Similarly, the monthly production of indigenously developed Covaxin will also be increased to 6-7 crore doses in July-August from one crore doses in April. The production capacity of the vaccine being manufactured by Bharat Biotech is expected to reach nearly 10 crore doses a month by September. [10] Additionally, the Union health ministry has finalised arrangements with Hyderabad-based vaccine manufacturer Biological-E to book 30 crore Covid-19 vaccine doses, set to be manufactured and stockpiled from August to December this year.This is the first such order for unapproved shots.The vaccine, which is currently undergoing phase-3 clinical trials, is likely to be available in the next few months

Biological E., which also has a separate deal to produce about 600 million doses of Johnson & Johnson’s Covid-19 shot annually. Earlier this month, it signed a licensing agreement with Providence Therapeutics Holdings to manufacture the Canadian company’s mRNA Covid-19 vaccine in India.Biological-E will run a clinical trial of Providence’s vaccine in India and seek emergency use approval.

Vaccination Coverage:

The country has administered more than 23 crore Covid-19 vaccine doses as on June 5. [11]Of this, close to 18.5 crore people have received their first dose while 4.61 crore people have received both jabs. Cumulatively, 2.76 crores persons in the age group of 18-44 years across 37 States/UTs have received their first dose and a total of  1,60,406 have received their second dose since the start of Phase-3 of the vaccination drive on May 1. In the age group of 45-60 years, 7.06 crore people have received the first dose while 1.12 crore people have received both doses. In people above 60 years of age, 6.05 crore have received the first jab while 1.91 crore have been fully vaccinated with both jabs.

While the central government has asserted that all eligible person will be able to get vaccinated by the year-end, analysis has shown that India’s inoculation drive will need to be accelerated manifold to achieve the target.The pace of vaccination has, however, dropped by 34 percent in May from April because of a supply crunch. [12]

The Way Ahead:

Despite the seeming end of the second wave of Covid in India, experts have warned about a possible third wave, given that only around 3.2 per cent of the Indian population has been fully vaccinated against the infection so far. To limit the damage that future waves are likely to cause, India will need to be prepared with better health infrastructure and rigorous vaccination. Coupled with strict adherence to Covid-19 appropriate behaviour, the above two factors could lead to a significant decline in severe Covid cases and deaths in the future waves.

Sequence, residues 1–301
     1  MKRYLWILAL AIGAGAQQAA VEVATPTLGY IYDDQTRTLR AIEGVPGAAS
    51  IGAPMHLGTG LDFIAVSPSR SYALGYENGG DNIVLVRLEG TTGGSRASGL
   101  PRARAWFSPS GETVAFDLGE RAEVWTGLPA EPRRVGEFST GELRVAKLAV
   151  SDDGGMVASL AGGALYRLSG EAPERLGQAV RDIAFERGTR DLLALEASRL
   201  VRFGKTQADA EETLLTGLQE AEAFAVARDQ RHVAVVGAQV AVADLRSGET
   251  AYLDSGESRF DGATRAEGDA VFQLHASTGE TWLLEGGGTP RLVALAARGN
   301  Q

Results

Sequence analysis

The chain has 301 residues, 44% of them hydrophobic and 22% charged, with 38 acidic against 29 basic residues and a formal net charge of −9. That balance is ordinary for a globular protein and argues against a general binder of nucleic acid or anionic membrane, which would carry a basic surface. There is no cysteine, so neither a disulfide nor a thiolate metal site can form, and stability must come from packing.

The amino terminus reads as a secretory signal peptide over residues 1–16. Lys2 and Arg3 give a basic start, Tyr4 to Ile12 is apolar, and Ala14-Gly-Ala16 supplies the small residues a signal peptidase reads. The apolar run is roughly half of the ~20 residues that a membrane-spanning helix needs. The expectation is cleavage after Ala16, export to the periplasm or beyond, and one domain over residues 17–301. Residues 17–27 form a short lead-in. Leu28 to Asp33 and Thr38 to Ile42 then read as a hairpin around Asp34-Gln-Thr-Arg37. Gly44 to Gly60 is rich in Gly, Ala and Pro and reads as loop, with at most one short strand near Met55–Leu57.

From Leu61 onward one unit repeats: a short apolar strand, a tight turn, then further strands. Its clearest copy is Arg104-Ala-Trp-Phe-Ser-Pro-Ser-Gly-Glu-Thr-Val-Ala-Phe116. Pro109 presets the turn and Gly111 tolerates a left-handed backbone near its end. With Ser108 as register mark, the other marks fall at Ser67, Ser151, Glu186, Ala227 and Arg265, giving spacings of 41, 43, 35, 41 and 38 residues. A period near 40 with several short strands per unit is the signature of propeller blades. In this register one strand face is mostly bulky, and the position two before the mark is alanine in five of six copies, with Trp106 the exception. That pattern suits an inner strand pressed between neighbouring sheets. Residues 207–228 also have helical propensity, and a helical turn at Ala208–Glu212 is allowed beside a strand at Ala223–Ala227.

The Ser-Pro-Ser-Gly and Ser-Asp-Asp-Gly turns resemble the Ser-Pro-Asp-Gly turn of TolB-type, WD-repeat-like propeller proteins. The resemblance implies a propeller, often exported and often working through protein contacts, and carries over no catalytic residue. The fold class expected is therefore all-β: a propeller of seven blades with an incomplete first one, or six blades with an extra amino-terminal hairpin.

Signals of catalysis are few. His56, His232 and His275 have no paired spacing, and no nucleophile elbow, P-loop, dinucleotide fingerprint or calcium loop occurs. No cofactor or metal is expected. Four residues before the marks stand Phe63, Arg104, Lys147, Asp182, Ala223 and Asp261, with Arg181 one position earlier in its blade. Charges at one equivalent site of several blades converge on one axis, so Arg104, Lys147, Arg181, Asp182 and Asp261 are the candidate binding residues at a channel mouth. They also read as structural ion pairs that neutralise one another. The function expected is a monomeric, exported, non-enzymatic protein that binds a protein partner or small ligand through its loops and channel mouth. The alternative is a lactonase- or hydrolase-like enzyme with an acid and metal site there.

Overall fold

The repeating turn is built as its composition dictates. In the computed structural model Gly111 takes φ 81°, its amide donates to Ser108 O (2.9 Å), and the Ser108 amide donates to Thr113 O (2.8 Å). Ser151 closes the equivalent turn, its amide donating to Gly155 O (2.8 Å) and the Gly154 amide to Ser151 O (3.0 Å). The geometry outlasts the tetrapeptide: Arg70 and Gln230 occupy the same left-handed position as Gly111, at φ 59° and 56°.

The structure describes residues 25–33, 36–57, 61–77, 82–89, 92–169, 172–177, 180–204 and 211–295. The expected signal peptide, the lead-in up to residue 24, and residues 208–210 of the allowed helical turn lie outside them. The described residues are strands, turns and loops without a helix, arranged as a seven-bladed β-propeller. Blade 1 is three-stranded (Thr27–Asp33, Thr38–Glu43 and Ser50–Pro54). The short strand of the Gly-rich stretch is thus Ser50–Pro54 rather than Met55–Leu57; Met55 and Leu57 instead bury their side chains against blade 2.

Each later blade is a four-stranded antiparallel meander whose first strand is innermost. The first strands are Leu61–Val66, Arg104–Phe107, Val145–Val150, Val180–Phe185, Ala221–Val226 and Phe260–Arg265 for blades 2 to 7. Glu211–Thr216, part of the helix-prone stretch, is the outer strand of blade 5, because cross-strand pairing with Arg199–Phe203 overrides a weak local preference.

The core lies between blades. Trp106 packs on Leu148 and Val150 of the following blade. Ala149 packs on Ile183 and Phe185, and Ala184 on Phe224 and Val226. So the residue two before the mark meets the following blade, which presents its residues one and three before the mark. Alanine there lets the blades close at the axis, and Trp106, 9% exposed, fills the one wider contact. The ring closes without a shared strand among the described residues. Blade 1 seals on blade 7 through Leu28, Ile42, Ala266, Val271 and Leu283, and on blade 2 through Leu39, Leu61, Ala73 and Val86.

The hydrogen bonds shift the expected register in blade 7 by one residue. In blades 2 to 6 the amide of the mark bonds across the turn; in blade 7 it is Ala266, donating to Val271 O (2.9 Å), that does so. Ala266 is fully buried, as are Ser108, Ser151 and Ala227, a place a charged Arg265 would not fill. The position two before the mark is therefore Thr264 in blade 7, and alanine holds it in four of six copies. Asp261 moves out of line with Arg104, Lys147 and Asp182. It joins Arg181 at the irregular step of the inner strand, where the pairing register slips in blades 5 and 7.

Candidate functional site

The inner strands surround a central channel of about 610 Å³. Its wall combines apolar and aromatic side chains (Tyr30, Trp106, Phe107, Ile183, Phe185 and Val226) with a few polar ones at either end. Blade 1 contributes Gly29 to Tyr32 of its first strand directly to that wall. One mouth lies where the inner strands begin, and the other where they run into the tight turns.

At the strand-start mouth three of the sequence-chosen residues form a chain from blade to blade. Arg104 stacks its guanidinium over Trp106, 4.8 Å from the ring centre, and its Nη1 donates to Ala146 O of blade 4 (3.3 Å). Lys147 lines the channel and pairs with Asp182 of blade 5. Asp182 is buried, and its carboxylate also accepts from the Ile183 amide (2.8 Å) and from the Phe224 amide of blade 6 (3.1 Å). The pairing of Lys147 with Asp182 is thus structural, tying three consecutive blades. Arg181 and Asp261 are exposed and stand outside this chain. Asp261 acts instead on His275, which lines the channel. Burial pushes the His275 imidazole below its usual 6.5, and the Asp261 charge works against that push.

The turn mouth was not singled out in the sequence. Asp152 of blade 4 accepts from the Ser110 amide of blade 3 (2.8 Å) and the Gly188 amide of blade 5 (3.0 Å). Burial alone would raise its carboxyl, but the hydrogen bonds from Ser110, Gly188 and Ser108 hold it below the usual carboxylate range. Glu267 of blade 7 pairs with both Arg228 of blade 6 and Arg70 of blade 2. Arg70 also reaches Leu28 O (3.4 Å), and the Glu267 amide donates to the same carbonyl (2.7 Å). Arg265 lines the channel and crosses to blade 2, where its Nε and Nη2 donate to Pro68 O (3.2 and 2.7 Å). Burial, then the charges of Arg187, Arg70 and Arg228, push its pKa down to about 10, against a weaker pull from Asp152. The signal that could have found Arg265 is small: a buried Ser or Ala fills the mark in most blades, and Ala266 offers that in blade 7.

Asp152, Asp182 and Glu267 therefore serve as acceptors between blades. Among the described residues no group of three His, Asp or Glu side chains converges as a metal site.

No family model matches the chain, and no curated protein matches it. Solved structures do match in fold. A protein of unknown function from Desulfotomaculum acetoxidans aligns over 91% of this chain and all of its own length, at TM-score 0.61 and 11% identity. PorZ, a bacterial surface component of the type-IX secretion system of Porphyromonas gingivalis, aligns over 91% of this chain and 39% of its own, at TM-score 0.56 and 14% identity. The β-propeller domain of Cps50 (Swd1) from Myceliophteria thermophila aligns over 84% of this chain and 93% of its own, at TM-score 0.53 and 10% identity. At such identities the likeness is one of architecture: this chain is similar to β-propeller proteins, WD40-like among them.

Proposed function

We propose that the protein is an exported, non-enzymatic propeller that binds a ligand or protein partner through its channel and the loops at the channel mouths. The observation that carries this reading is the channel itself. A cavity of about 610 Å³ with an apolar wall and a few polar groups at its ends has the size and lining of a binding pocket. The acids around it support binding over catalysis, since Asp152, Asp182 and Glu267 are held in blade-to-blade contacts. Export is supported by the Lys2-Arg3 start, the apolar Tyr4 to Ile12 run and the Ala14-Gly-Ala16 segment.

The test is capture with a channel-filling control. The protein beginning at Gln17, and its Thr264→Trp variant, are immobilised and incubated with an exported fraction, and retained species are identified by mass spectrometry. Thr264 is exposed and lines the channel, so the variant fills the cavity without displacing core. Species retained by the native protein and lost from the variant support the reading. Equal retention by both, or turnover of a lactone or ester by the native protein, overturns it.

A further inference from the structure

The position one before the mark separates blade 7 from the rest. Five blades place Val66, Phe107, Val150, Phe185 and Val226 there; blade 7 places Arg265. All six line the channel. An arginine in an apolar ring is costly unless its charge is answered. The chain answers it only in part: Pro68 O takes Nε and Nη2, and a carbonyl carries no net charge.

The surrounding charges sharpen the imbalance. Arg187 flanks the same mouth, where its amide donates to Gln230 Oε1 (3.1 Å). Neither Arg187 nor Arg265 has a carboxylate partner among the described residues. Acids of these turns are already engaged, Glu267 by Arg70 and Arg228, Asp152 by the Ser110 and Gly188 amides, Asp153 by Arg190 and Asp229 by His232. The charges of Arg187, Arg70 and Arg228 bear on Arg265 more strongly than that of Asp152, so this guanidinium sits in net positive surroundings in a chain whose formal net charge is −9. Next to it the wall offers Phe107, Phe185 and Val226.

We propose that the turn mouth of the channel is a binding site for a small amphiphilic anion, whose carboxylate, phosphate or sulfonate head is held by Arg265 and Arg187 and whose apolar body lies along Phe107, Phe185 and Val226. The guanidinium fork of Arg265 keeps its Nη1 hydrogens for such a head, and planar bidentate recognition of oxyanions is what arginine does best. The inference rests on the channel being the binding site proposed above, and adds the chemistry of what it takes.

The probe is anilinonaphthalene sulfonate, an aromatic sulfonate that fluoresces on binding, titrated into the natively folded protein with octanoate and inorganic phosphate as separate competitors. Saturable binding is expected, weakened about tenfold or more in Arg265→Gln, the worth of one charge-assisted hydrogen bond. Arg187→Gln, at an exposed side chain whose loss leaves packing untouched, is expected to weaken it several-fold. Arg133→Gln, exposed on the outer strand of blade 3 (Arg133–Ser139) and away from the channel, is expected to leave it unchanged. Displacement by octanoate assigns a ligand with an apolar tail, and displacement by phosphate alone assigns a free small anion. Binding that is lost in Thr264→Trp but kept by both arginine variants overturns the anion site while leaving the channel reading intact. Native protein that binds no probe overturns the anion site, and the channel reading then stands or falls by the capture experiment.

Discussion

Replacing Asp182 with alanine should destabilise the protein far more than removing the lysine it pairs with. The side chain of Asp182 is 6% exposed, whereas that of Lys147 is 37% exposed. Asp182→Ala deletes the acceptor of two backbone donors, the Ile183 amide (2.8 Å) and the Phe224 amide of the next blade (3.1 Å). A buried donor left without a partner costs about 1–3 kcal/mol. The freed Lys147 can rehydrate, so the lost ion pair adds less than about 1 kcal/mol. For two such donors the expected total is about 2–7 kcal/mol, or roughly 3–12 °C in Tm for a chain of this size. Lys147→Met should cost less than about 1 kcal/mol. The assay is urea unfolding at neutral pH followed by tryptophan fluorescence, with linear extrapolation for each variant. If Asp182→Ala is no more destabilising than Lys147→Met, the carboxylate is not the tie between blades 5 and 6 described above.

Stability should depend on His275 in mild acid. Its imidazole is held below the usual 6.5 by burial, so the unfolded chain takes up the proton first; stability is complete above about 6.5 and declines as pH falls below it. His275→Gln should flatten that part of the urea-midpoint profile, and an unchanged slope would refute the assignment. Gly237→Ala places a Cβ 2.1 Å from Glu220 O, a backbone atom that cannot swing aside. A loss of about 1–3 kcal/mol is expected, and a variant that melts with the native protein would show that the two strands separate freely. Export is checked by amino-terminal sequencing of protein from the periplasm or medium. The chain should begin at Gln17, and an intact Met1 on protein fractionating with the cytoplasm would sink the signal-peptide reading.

Like many other countries, India needs to prioritize vaccination in a better manner, going beyond just priority age groups. It should use data on region specific infection rates from the first and second waves to prioritise vaccinating populations residing in these high caseload areas. India’s former health secretary K. Sujatha Rao suggested in a media report[13] that that states must: a) conduct seroprevalence studies to see the level of antibodies in different regions, b) analyse the socio-economic characteristics of individuals in these areas, c) recognise the at-risk population from these groups and d) prioritise regions that have more share of at-risk population. The report also quoted Dr K Srinath Reddy of the Public Health Foundation of India saying that states must also focus on areas of higher population density first to limit the case count and deaths.

The Lancet Citizens’ Commission has recommended establishing central systems to procure and distribute Covid-19 vaccines free of cost instead of the current policy of decentralised procurement through state governments. This is among the eight-point recommendations proposed by the commission in response to Covid-19 in India. The reportalso highlights the need for transparency in government data collection and modelling to enable districts to proactively prepare for the likely caseloads in the coming weeks. Additionally, it emphasizes the need for surveillance to include an urgent investment in genomic sequencing, adequate institutional capacity, and trained personnelto provide real-time alerts of SARS-CoV-2 variants, hot spots, and breakthrough infections.

While localized, calibrated lockdowns should and will continue, measures to shut down everyday activity without adequate reason will lead to panic, and leave the economically weaker sections, the disabled, migrant workers and many single individuals unable to cope. It would work to shut non-essential sales, encourage remote transactions and home deliveries, actively monitor compliance with Covid-19 protocols in public places and vaccinate workers in services, including domestic workers, on priority.

The time has come to take a fresh look at the pandemic policy and transform it into one that relies on scientific evidence, promotes safe public behaviour through effective and persuasive communication, monitoring, and, includes appropriate medical interventions to curb the spread of the disease.